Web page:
1.  Ferrara , N. and Davis-Smyth, T., The biology of the vascular endothelial growth factor (review). Endocr. Rev. 1997; 18: 4-25

2.  Neufeld, G. et al, Vascular endothelial growth factor VEGF and its receptors (review). FASEB J. 1999; 13: 9-22

3.  Shibuya, M. et al, Structure and function of vascular endothelial cell growth factor receptor-1 and –2. Curr. Top. Microbiol. Immunol. 1999; 237: 59-83

4.  Berse, B. et al, Vascular permeability growth factor gene is expressed differentially in normal tissues, macrophages and tumours. Mol. Biol. Cell. 1992; 3: 211-220

5.  Dvorak, H.F. et al, Vascular permeability factor/vascular endothelial growth factor, microvascular hyperpermeability, and angiogenesis (review). Am. J. Pathol. 1995; 18: 4-25

6.  Yang, R. et al, Effects of vascular endothelial growth factor on hemodynamics and cardiac performance.  J. Cardiovasc. Pharmacol. 1996; 27(6): 838-844

7.  Sharkey, A.M. et al, Maternal plasma levels of vascular endothelial growth factor in normotensive pregnancies and in pregnancies complicated by pre-eclampsia. Eur. J. Clin. Invest. 1996; 26: 1182-1185

8.  Seko, Y. et al, Serum levels of vascular endothelial growth factor in patients with acute myocardial infarction undergoing reperfusion therapy. Clin. Sci. (colch) 1997; 92: 453-454

9.  Solovey, A. et al, Sickle cell anemia as a possible state of enhanced anti-apoptotic tone: survival effect of vascular endothelial cell growth factor on circulating and unanchored endothelial cells. Blood. 1999; 93: 3824-3830

10.       McLaren, M., Elevated plasma vascular endothelial cell growth factor and thrombomodulin in juvenile diabetic patients. Clin Appl Thromb Hemost. 1999; 5: 21-24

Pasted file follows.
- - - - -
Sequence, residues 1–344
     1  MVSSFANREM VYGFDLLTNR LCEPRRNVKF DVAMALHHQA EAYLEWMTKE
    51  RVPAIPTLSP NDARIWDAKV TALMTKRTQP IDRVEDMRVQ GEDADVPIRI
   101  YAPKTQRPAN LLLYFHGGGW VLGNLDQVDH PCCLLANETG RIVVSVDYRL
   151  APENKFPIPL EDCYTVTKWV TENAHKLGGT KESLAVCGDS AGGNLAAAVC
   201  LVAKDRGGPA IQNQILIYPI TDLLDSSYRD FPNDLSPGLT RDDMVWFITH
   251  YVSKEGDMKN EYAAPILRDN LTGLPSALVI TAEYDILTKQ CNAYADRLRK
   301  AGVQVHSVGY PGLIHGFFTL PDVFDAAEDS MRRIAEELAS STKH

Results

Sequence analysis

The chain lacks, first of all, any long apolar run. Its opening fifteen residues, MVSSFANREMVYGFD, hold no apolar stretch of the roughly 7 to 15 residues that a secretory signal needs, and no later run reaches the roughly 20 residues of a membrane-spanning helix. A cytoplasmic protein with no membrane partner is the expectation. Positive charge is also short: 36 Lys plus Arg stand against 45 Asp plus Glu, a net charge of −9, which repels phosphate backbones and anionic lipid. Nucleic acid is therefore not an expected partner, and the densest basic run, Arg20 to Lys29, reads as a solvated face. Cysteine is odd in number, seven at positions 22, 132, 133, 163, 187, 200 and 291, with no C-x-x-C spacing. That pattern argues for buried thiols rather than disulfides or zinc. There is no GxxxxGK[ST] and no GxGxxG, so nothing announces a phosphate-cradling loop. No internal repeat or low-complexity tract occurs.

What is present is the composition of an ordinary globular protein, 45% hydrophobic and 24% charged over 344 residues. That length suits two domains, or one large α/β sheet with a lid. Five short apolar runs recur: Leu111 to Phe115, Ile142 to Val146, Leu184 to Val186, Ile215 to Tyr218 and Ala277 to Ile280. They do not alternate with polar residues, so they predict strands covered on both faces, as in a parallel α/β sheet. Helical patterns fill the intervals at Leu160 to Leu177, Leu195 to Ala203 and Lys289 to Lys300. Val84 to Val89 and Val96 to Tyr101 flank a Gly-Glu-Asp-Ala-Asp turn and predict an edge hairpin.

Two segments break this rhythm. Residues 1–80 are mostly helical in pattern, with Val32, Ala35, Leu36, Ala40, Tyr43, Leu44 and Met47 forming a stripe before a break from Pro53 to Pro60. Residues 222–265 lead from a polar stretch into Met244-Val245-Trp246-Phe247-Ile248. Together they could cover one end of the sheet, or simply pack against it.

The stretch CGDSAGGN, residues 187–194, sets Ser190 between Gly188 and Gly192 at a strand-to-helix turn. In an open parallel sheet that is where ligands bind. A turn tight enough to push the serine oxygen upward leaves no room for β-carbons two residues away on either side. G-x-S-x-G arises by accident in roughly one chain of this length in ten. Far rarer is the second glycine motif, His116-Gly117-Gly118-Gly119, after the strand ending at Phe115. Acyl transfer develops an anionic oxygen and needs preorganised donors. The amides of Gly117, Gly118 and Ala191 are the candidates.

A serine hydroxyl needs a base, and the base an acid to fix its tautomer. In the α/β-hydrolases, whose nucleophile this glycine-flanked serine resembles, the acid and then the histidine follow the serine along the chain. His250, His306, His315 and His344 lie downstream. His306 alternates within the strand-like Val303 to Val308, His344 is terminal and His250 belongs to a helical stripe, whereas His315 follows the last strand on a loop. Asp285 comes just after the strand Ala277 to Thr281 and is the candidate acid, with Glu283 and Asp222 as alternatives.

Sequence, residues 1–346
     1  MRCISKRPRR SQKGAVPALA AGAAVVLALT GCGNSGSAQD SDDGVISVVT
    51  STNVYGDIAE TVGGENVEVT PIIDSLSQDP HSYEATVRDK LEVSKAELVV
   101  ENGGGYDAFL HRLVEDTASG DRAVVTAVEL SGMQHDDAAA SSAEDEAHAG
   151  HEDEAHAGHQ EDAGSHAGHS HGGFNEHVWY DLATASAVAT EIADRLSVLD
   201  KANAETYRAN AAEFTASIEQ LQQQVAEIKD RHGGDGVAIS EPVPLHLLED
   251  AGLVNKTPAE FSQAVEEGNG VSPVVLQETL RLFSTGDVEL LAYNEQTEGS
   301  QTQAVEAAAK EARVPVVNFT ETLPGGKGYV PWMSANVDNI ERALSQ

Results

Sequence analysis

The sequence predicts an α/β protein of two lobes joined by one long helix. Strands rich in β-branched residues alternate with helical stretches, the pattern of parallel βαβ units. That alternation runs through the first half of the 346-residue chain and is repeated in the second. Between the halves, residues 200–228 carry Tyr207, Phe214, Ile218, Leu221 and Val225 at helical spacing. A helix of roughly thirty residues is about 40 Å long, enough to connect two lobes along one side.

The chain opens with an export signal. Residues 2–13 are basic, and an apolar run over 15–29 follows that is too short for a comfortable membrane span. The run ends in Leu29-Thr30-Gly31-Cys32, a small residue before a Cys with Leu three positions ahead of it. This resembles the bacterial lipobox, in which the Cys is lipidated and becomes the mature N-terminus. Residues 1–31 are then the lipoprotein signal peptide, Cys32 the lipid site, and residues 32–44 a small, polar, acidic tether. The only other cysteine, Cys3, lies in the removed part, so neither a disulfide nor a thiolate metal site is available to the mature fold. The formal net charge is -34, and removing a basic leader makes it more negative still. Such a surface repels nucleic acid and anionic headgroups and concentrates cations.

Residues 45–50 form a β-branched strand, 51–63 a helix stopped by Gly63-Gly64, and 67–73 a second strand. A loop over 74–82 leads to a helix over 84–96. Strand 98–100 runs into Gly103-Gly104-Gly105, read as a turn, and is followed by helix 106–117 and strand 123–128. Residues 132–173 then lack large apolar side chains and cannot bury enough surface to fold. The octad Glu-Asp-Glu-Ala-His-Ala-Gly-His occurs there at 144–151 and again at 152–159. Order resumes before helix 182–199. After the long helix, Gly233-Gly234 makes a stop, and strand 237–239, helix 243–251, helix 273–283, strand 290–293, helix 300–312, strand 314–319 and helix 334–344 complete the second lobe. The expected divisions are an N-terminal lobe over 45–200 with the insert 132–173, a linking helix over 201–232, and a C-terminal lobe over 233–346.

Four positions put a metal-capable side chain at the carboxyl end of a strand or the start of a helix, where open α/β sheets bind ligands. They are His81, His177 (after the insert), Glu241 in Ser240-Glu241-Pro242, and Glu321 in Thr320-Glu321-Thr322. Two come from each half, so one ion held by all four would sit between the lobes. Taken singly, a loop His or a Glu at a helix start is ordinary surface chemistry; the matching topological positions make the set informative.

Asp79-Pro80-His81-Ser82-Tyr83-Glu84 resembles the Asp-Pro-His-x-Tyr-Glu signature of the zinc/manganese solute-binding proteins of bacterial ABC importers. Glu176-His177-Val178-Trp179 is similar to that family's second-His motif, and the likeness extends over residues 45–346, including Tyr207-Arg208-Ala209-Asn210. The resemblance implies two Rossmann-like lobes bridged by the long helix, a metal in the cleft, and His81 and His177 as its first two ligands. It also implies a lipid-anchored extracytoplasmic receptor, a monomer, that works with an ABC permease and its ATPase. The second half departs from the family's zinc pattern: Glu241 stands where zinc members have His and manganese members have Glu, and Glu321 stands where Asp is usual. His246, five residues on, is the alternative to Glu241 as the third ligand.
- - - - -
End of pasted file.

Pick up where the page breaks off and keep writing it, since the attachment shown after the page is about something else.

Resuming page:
11.       Soubrier, M. et al, Growth factors in POEMS syndrome: evidence for a marked increase in circulating vascular endothelial growth factor. Arthritis Rheum.  1997; 40: 786-7

12.       Terai, M., Vascular endothelial growth factor in acute Kawasaki disease. Am. J. Cardiol. 1999; 83: 337-339

13.       Kondo, S. et al, Vascular endothelial growth factor/vascular permeability factor is detectable in the sera of tumour-bearing mice and cancer patients. Biochem Biophys. Acta. 1994; 1221: 211-214

14.       Dachs, G.U. et al, Targeting gene expression to hypoxic tumour cells. Nat. Med. 1997; 3(5): 515-520

15.       Freedman, S.B. and Isner, J.M., Therapeutic angiogenesis for coronary artery disease (review). Annals of Int. Med. 2002; 136(1): 54-71

Epidermal Growth Factor (EGF) Assay

Intended Use

The Evidence Epidermal Growth Factor (EGF) assay has been designed for the quantitative measurement of EGF in human serum or plasma samples. This test is for research use only. Not for use in diagnostic procedures.

Clinical Significance

Human EGF is produced as a long precursor protein of 1207 amino acids which is released by proteolytic cleavage to give a globular protein of 6.4 kDa consisting of 53 amino acids((1)). EGF contains three intramolecular disulfide bonds, which are essential for its biological activity. It is also known as Human Milk Growth Factor (HMGF), Prostatic Growth Factor (PGF) and Urogastone. EGF is produced by various organs including the brain, kidney, salivary gland and stomach, and is found in nearly all bodily fluids at low levels and at higher levels in saliva, milk, semen and urine((2)).